# Now we've finished all the attributes for this object. Count and trace it.  
             $processedIDs++;  
             if ($processedIDs % 500 == 0) {  
                 Trace("$processedIDs of $totalIDs ${entityType}s processed.") if T(3);  
                 Trace("$entityType has $keyCount keys and $valueCount values so far.") if T(3);  
             }  
         }  
         # Now we've finished all the attributes for all objects of this type.  
         Trace("$processedIDs ${entityType}s processed, with $keyCount keys and $valueCount values.") if T(2);  
         # Loop through the files, loading the keys into the database.  
         Trace("Connecting to database.") if T(2);  
         my $objectCA = CustomAttributes->new();  
         Trace("Loading key files.") if T(2);  
         for my $key (sort keys %keyHash) {  
             # Close the key's load file.  
             close $keyHash{$key}->{h};  
             # Reopen it for input.  
             my $fileName = $keyHash{$key}->{name};  
             my $fh = Open(undef, "<$fileName");  
             Trace("Loading $key from $fileName.") if T(3);  
             my $stats = $objectCA->LoadAttributeKey($entityType, $key, $fh, 0, 1);  
             Trace("Statistics for $key of $entityType:\n" . $stats->Show()) if T(3);  
928          }          }
         # All the keys for this entity type are now loaded.  
         Trace("Key files loaded for $entityType.") if T(2);  
929      }      }
930      # All keys for all entity types are now loaded.      }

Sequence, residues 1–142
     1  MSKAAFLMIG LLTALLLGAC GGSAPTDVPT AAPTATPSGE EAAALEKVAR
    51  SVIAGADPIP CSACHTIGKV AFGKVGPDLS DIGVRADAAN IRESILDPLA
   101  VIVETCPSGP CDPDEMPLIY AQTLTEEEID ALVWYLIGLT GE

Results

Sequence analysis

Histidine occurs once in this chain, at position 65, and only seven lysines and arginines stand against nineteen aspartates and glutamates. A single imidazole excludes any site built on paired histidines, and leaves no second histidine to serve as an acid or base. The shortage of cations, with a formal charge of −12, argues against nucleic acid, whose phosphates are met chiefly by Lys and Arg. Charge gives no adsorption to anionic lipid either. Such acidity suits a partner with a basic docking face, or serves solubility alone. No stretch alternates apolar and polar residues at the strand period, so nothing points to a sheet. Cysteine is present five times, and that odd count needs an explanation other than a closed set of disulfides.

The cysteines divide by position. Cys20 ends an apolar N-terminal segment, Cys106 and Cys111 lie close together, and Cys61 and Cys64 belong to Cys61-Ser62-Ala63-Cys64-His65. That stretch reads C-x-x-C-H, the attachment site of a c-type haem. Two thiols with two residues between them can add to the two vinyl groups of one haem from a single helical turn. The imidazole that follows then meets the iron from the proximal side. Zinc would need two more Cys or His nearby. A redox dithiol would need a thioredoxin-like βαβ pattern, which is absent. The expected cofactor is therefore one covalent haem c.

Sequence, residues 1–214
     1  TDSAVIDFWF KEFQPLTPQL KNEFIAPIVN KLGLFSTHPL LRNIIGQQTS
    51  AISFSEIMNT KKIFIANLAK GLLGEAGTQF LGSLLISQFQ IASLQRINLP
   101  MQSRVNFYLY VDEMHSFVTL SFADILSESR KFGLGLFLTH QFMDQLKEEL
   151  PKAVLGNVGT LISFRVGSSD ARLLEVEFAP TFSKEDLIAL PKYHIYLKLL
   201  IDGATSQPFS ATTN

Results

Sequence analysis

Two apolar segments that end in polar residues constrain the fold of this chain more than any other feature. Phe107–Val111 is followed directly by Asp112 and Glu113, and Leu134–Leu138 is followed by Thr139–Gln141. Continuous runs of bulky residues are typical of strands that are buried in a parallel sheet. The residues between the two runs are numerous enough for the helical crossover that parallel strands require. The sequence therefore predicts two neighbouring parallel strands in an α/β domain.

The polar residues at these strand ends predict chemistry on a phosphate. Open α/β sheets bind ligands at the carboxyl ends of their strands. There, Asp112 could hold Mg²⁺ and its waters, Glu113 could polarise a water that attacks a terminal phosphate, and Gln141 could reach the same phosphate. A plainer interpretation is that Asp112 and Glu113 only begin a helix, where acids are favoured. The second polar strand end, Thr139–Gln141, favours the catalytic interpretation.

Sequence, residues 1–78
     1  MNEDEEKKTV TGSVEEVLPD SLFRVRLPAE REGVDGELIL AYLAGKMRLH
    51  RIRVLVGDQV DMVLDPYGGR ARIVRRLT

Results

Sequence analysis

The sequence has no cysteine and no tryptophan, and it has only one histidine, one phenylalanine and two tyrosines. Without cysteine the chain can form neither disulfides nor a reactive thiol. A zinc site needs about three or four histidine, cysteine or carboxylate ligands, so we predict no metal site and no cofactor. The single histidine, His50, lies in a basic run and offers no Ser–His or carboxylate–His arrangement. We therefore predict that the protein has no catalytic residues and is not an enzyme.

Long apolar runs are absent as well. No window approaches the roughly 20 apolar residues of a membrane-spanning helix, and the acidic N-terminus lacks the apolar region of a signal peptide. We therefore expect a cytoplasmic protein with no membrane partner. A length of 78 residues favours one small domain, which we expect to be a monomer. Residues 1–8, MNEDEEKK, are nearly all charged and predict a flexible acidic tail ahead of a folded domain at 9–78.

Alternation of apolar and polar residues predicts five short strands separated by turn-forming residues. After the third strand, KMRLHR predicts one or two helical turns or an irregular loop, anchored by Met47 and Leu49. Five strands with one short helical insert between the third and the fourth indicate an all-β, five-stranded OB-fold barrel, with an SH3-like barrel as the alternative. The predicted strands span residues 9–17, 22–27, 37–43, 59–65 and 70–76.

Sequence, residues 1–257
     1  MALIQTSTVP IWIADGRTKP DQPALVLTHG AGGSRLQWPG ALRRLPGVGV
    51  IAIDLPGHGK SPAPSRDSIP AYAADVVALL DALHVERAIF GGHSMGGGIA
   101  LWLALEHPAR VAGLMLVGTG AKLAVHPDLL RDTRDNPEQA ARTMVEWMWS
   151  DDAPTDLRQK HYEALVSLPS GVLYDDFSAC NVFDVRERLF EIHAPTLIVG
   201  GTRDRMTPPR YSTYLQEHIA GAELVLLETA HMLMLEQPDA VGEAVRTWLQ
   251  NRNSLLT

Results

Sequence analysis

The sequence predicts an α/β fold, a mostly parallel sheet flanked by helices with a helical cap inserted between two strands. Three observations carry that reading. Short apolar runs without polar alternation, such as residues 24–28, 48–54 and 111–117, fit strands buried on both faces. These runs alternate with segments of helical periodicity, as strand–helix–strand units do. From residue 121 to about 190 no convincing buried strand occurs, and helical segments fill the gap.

931      Trace("Migration complete.") if T(2);      # Return the result.
932        return %retVal;
933  }  }
934    
935  =head3 ComputeObjectTypeFromID  =head3 LogOperation
936    
937  C<< my ($entityName, $id) = CustomAttributes::ComputeObjectTypeFromID($objectID); >>      $ca->LogOperation($action, $target, $description);
938    
939  This method will compute the entity type corresponding to a specified object ID.  Write an operation description to the attribute activity log (C<$FIG_Config::var/attributes.log>).
 If the object ID begins with C<fig|>, it is presumed to be a feature ID. If it  
 is all digits with a single period, it is presumed to by a genome ID. Otherwise,  
 it must be a list reference. In this last case the first list element will be  
 taken as the entity type and the second will be taken as the actual ID.  
940    
941  =over 4  =over 4
942    
943  =item objectID  =item action
944    
945  Object ID to examine.  Action being logged (e.g. C<Delete Group> or C<Load Key>).
946    
947  =item RETURN  =item target
948    
949    ID of the key or group affected.
950    
951    =item description
952    
953  Returns a 2-element list consisting of the entity type followed by the specified ID.  Short description of the action.
954    
955  =back  =back
956    
957  =cut  =cut
958    
959  sub ComputeObjectTypeFromID {  sub LogOperation {
960      # Get the parameters.      # Get the parameters.
961      my ($objectID) = @_;      my ($self, $action, $target, $description) = @_;